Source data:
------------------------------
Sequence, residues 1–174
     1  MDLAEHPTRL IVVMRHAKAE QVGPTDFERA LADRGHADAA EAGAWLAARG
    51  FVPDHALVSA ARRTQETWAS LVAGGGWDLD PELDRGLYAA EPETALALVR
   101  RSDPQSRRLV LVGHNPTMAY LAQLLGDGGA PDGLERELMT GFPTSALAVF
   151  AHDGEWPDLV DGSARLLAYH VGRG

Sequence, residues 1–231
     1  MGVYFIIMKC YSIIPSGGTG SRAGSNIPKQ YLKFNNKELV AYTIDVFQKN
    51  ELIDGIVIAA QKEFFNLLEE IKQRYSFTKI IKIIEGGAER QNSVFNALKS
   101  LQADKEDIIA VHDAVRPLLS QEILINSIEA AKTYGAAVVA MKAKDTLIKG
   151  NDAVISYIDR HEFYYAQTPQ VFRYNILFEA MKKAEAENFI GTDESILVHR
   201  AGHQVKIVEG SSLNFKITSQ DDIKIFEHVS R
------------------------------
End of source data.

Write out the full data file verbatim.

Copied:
Sequence, residues 1–174
     1  MDLAEHPTRL IVVMRHAKAE QVGPTDFERA LADRGHADAA EAGAWLAARG
    51  FVPDHALVSA ARRTQETWAS LVAGGGWDLD PELDRGLYAA EPETALALVR
   101  RSDPQSRRLV LVGHNPTMAY LAQLLGDGGA PDGLERELMT GFPTSALAVF
   151  AHDGEWPDLV DGSARLLAYH VGRG

Sequence, residues 1–231
     1  MGVYFIIMKC YSIIPSGGTG SRAGSNIPKQ YLKFNNKELV AYTIDVFQKN
    51  ELIDGIVIAA QKEFFNLLEE IKQRYSFTKI IKIIEGGAER QNSVFNALKS
   101  LQADKEDIIA VHDAVRPLLS QEILINSIEA AKTYGAAVVA MKAKDTLIKG
   151  NDAVISYIDR HEFYYAQTPQ VFRYNILFEA MKKAEAENFI GTDESILVHR
   201  AGHQVKIVEG SSLNFKITSQ DDIKIFEHVS R